11 Dec 2017
After writing a series of articles about synchronous detection, I thought it might be interesting to design & build a close cousing - the Lock-In Amplifier, or LIA. Lock-in's are widely used in the physics and signal processing worlds to recover tiny signals from sensors and other sources. The big difference between the synchronous amplifier, and the LIAs is that while the synchonous detector expects a nice clean reference signal with the appropriate amplitude, duty cycle, and phase realtionship (to the signal to be recovered), an LIA adds a phase-locked loop (PLL) to take whatever referecne signal is available, and generate a nice clean demodulation signal from that. A block diagram of a typical LIA, such as the one I am tinkering with is shown below.
In the above schematic, you can see the typical synchronous detector functions - pre-amp, demod(ulator), output filter and output amplifier. In addition to these are the pahse locked loop - which locks onto the reference signal, and a phase shifter, which allows you to arbitrarily adjust the phase relationship between the input signal and the regenerated reference signal coming out of the PLL.
For the PLL, I used a 74HC4046-type device with the edge-triggered phase detector. This circuit likes square waves as inputs, so I added a discriminator circuit (not shown) between the referecne input and the input to the PLL. This additonal circuit allows you to lock onto signals with a wide range of amplitudes and wavefors (like sine waves, triangles, etc..). While you might think that an analog circuit would be a slam-dunk for the phase shifter, I actually did this digitally. By running the VCO at 16X the reference frequency, and using binary dividers, I implmented a digital phase shifter that lets you shift the demodulator reference waveform in precise 22.5 degree increments - while also assuring a 50% duty ccycle regardless of what gets fed in. This demodulator reference, as well as an analog monitor of the amplified input signal are brought out to BNC connectors to make it easy to tune the optimal phase shift.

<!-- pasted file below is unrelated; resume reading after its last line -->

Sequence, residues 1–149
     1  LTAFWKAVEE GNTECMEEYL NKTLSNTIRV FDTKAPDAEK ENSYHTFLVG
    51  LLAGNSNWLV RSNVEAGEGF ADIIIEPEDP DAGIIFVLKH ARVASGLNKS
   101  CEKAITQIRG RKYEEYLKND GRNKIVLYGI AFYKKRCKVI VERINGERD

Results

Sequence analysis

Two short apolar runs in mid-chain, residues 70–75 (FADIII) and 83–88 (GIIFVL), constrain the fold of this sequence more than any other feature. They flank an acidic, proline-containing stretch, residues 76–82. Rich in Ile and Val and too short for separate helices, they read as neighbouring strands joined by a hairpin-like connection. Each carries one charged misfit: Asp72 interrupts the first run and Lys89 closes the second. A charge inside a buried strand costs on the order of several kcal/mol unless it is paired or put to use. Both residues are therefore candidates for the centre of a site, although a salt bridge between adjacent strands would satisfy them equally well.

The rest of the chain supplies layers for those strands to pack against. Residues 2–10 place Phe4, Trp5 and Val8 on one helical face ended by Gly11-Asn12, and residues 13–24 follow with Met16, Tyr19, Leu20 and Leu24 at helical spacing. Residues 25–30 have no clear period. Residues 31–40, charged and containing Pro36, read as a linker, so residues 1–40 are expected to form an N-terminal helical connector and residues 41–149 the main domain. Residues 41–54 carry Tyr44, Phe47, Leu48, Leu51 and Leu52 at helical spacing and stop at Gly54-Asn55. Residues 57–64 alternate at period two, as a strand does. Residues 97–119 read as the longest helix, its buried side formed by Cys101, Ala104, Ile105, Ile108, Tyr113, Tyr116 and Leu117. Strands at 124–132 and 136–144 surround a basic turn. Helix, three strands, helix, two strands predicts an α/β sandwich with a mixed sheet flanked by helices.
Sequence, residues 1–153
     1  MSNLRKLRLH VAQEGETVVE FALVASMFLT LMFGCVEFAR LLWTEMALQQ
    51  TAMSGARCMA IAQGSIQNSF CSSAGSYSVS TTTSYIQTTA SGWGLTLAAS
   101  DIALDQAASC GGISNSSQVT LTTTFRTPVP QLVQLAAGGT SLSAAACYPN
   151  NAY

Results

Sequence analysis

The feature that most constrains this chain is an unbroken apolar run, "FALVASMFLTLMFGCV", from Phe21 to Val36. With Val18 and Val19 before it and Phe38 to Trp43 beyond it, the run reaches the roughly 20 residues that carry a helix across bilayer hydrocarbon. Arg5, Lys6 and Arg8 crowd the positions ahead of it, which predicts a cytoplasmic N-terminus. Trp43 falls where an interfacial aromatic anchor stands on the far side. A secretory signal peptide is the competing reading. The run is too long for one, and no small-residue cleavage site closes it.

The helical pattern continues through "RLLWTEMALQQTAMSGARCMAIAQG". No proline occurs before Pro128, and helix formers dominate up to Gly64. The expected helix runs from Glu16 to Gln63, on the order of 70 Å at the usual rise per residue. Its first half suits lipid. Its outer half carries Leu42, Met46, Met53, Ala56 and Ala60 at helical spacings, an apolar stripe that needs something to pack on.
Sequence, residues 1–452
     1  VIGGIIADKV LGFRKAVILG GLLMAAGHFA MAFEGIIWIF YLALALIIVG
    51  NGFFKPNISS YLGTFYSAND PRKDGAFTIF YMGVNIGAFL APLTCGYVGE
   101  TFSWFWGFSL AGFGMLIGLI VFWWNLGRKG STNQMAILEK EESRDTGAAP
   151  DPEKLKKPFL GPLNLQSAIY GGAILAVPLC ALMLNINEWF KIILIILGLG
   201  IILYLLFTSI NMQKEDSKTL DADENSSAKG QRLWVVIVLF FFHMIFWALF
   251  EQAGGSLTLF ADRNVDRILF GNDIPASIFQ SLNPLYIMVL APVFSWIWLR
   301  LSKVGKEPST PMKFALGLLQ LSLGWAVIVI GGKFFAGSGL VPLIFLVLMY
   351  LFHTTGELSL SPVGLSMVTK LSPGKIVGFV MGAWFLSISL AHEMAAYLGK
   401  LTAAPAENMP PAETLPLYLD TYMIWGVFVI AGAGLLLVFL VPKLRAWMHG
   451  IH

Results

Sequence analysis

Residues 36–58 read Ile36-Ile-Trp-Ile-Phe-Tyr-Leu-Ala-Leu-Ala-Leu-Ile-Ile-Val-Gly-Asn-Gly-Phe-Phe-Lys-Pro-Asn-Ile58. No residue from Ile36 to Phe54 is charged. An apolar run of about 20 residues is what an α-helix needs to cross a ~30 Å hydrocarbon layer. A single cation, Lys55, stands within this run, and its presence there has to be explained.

Below is a pic of the mostly-finished board. The PLL still needs a bit of component selection work to get a wide range of operating frequencies. Some of the key I/O features are:
1) + and - inputs (top left BNCs)
2) +5V power (terminal block on left)
3) REF-IN - the input for the reference (lower left BNC)
4) REF OUT - locked, 50%, phase shifted demodulator signal (lower right BNC)
5) Output - center right BNC
6) Monitor Out - upper right BNC
One thing you may notice is that the board has a lot of dipswitches. The 8-up one in the lower left selects PLL center frequency and loop filter. The 4-up on the lower left controls the digital phase shifter. Two other dip switches control preamp gain, the output filter time constant, and the output amp gain.
So how does it work? The three scope shots below show the amplifier in a locked state with zero, ~200uV and 570uV peak-peak input signals. The yellow trace is a sine wave coming out of the signal generator - the sig-gen's reference output is being fed into the LIA's reference input. The signal generator's sine wave output was then divided down by 1000:1 and fed into the positive input, with the LIA's negative input grounded. The green fuzz behind the yellow trace is the monitor output, which is the input signal amplified by 1000X. The purple trace is the regenerated and 'locked-in' reference signal which is used to perform the demodulation. Finally, the blue trace on the bottom is the LIA's filtered output. In the 'no signal' case below, you can see that the output is 6.57mV.
When crank the sig-gen to 178mV (178uV input), we can also see the amplified sine wave with additional noise in the monitor output, and 14.3mV on the output.
Cranking the sig-gen even higher to 568mV (568uV input), we can also see a larger amplified fuzzy sine wave and 36.8mV of output.
The monitor output seems a bit noisy, and originally I thought that the reason was that there was feedthrough from the 16X VCO used in the PLL circuit. A little further investigation showed that a lot of the noise was from the little +5V -> +/-15V DC-DC converter I used to power the analog circuit. In the next rev I should put an option for powering from +/-15V external (linear) supplies, or get a bit more aggressive about filtering the DC-DC's output. Despite the injected noise power-supply, the output is pretty stable, which is something you expect from LIAs in general.